Before any medical usage was focused on tissue and limb transplantation, victims of injuries or infections would simply live with the condition they were in and hope the pain would cease and the chances of fatality would fade away. According to Wilson Bennett, a graduate in mechanical engineering, since the treatment of lost tissue has started, approximately within the year of 484 B.C., there has been a great incline in the advancement of technology for treating these injuries or diseases throughout history. However, the vast majority of these solutions in the past did not include replacing the lost flesh or limbs with new usable tissue. These past techniques were predominantly used to stop infections or bleeding before the injury becomes fatal, if it had not by this time become so serious that the patient could not be saved.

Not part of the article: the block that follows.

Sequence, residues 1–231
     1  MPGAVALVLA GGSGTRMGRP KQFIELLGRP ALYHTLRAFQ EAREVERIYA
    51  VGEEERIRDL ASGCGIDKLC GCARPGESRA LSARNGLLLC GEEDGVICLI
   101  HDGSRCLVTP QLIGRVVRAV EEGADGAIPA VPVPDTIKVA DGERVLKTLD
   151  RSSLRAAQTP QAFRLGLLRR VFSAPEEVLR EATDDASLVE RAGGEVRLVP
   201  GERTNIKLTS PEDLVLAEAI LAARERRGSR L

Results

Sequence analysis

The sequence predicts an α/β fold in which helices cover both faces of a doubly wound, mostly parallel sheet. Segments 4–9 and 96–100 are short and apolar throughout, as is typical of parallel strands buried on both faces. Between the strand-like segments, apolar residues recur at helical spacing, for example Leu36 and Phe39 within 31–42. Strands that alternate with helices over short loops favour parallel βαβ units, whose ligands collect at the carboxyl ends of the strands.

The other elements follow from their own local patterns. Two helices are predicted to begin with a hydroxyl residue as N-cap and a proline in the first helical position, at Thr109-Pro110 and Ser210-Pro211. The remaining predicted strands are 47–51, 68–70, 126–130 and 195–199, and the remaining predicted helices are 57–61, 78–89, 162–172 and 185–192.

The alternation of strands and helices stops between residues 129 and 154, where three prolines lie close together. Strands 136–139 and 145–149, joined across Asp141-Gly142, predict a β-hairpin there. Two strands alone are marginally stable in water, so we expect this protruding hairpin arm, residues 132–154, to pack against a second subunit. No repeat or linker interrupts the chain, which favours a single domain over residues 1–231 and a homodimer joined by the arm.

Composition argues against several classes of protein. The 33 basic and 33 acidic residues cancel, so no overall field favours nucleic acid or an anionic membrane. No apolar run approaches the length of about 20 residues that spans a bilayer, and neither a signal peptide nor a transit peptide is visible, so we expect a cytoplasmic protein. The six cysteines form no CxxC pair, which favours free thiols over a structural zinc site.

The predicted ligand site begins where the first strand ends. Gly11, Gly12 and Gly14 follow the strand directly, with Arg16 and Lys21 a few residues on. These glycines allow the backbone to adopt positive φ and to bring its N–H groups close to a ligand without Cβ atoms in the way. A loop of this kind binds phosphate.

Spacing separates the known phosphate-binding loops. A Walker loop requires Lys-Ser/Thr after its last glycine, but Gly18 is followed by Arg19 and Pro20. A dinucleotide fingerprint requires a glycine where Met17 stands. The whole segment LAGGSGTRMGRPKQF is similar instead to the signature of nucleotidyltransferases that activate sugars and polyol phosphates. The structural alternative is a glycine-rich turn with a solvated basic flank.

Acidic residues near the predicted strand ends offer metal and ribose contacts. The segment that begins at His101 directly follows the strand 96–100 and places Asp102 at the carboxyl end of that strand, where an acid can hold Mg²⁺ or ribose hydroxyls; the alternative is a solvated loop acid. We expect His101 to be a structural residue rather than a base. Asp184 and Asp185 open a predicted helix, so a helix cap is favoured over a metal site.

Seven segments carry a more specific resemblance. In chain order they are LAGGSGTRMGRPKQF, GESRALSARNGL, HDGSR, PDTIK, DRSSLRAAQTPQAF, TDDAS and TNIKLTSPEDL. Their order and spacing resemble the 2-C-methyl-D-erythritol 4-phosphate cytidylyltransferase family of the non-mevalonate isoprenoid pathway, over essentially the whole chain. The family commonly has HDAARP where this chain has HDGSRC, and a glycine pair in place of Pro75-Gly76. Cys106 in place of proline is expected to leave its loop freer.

The most pronounced technique used in the past was simply amputation of the tissue. This involved the removal of limbs due to the highly probably case of the tissue becoming infected or rapidly causing the person’s injury to become fatal. Although this method ceased the infection or injury from becoming more serious, if successful, it did not directly aid the patient in receiving a new limb or tissue to use.

An amputee who has lost the ability to swim as well as before the amputation